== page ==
The Central Bank of Egypt (CBE) decided on 7 February to amend the financing regulations for the real-estate sector. Loans may now be disbursed to the private sector to pay for land, provided that the land on which housing units are to be built is the property of the borrowing company or was allocated to the company from the original owner.
The decision also allows grants to be made to finance real estate projects implemented jointly by real estate companies and a state entity or other private sector companies. This is conditional upon the creditworthiness, good reputation, and high financial solvency of all the parties involved.
The CBE decision is an amendment to previous regulations regarding the financing of real estate development companies building housing units.
The move will help to stimulate the sector because earlier regulations had stated that funding for companies excluded loans to buy land, said Alaa Fekri, a member of the Real Estate Investment Division at the Federation of Egyptian Chambers of Commerce.
With the latest amendment, companies will be able to pay the price of the land to the state, since 95 per cent of land is bought through the government, he added. The decision will allow companies to pay instalments regularly, and the state will be able to collect more money regardless of circumstances that may affect the payments.
The CBE decision is a return to a policy that was in place two decades ago, but that had been annulled because land was being bought for the sake of hoarding and selling at a higher price later. Now that almost all land sales are conducted via the state, the CBE amendment will help investors to pay off what they owe to it.
“All the monetary policies and regulations the state has adopted in the past two years, such as lowering interest rates and the CBE real estate initiatives, are in favour of supporting the real estate sector,” said Mohamed Al-Bostani, deputy head of the Real Estate Investment Division and head of the New Cairo Developers Association.
In April 2019, the CBE issued a set of regulations to stimulate the real estate sector and pump liquidity to developers. It allowed the transfer of clients’ debts or remaining instalments from the companies to the banks, provided that the banks paid the value of the debt to the companies in exchange for a set return.
This was to help ensure that the companies had the necessary liquidity to complete their projects, instead of waiting for instalments to be collected over many years. Meanwhile, the CBE stressed that the banks should not disburse more than LE50 billion collectively for real estate financing.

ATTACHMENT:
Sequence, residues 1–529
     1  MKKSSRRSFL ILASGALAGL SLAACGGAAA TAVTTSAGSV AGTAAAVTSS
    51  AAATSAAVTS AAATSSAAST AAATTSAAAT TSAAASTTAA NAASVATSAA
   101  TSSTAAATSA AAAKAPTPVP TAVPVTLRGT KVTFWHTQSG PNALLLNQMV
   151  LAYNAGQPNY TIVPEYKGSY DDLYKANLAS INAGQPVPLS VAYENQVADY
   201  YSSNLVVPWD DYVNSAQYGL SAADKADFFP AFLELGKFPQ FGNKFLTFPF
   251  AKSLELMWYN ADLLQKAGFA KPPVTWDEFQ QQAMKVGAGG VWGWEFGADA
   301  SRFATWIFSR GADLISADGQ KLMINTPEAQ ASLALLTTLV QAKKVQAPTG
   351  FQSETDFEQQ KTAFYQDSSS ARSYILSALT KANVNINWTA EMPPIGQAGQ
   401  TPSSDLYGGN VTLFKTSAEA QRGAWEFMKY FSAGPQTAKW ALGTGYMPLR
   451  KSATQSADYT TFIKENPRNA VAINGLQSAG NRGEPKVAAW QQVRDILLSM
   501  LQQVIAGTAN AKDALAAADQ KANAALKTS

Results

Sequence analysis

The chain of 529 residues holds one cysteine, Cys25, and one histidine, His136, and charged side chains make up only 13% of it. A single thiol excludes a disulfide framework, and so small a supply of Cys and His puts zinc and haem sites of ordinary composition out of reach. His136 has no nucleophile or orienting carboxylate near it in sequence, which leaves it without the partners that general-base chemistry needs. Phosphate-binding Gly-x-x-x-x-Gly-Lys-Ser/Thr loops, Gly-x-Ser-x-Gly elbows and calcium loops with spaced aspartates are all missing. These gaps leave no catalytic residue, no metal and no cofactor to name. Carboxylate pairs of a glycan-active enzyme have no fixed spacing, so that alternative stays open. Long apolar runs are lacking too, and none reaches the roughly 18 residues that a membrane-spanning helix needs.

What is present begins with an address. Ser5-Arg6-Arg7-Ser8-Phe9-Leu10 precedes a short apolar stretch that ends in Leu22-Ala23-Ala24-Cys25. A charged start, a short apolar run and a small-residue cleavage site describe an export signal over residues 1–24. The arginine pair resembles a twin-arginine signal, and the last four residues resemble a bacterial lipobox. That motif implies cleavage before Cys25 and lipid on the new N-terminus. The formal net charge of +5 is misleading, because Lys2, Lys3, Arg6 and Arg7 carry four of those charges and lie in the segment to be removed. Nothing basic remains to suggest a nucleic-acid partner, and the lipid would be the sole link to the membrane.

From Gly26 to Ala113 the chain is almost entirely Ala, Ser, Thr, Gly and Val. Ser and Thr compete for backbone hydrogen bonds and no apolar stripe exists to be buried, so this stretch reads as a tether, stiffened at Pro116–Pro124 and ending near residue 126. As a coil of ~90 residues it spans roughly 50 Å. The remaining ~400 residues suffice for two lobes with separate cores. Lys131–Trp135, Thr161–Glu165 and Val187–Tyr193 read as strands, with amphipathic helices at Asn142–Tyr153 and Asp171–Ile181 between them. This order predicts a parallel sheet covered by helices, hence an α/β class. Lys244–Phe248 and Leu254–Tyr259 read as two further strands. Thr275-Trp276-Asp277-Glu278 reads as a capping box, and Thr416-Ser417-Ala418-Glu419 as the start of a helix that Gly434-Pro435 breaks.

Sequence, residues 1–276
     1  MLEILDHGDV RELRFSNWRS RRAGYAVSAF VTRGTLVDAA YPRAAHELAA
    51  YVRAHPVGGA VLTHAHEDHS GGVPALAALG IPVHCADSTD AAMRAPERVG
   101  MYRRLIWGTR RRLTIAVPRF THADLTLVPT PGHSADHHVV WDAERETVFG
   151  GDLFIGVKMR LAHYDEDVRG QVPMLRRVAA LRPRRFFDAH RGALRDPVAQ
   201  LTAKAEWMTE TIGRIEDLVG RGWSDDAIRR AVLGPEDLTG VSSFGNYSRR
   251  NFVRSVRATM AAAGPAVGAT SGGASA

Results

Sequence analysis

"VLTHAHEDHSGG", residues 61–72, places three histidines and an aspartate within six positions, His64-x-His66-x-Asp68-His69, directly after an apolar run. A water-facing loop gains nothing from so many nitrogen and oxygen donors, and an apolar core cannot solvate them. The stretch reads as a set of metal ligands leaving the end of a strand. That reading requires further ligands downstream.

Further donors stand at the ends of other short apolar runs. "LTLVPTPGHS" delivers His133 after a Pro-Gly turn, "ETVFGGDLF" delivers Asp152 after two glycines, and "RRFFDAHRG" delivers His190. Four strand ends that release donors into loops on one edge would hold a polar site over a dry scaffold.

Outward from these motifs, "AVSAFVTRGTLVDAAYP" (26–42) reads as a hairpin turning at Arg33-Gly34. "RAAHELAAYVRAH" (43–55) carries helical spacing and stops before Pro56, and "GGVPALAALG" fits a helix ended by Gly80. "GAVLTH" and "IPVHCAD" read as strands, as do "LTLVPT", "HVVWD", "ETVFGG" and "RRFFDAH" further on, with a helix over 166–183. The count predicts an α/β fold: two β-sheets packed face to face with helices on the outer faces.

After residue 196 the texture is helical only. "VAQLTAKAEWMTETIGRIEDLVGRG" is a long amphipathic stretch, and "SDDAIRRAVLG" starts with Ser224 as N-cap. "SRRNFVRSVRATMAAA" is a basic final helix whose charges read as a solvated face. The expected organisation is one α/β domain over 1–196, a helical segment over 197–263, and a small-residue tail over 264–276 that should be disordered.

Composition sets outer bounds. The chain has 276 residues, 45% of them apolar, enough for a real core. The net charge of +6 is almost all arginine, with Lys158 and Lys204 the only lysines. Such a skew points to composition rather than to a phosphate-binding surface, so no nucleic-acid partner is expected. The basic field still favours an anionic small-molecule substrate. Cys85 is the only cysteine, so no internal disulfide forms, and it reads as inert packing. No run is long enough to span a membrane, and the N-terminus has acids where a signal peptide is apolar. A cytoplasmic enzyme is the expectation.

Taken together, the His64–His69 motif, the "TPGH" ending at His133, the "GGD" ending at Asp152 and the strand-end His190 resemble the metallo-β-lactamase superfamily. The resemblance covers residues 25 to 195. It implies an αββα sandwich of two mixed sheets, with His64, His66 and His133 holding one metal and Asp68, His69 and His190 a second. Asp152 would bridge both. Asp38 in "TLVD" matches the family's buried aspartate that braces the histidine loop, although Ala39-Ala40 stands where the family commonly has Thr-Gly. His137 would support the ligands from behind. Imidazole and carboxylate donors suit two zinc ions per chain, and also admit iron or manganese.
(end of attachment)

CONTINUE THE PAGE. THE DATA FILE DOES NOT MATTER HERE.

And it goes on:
In February 2020, the CBE decided to double the maximum limit for the banks to finance real estate projects to 10 per cent of their total loan portfolio. The Egyptian Arab Land Bank and the Housing and Development Bank were excluded from the decision.
Al-Bostani added that these decisions had allowed investors to commit to paying their instalments on land. The recently issued decisions are in line with the state’s development vision for 2030 and 2052, which targets increasing Egypt’s inhabited land from the current seven per cent to 12 per cent.
He anticipated that the real estate sector would achieve more growth this year than in 2020, given the many projects the state is building in New Alamein, the New Administrative Capital, Ain Sokhna, and Galala City.
Real estate developers now need more banking facilities, Al-Bostani suggested, such as scrapping the interest on paid instalments.
The construction sector has also achieved high growth rates over the past four years. According to CBE data, the sector grew by 8.7 per cent in the period from March to July 2020 during the first wave of the coronavirus pandemic.
Tarek Shoukri, head of the Real Estate Development Chamber at the Federation of Egyptian Industries, believes the CBE’s latest decision is a limited move, however.
The sector needs more financing in the coming period to bridge the gap between the companies’ available liquidity and the instalments they have to pay for their land or to move ahead with their projects, he said.
The real estate sector, he added, contributes largely to GDP and employs a large number of labourers.
Shoukri pointed out that more facilities for financing procedures were needed, just as was the case with the facilitated loans available to buy vehicles. Banks and real-estate companies have sufficient guarantees in case payments falter. In the European countries and the US, real estate financing is set at 97 per cent, while in Egypt it stands at three per cent, Shoukri added.
The CBE should also instruct the banks to facilitate procedures related to the documents customers need to produce in order to prove incomes, since these can sometimes be difficult to acquire, he said.
*A version of this article appears in print in the 25 February, 2021 edition of Al-Ahram Weekly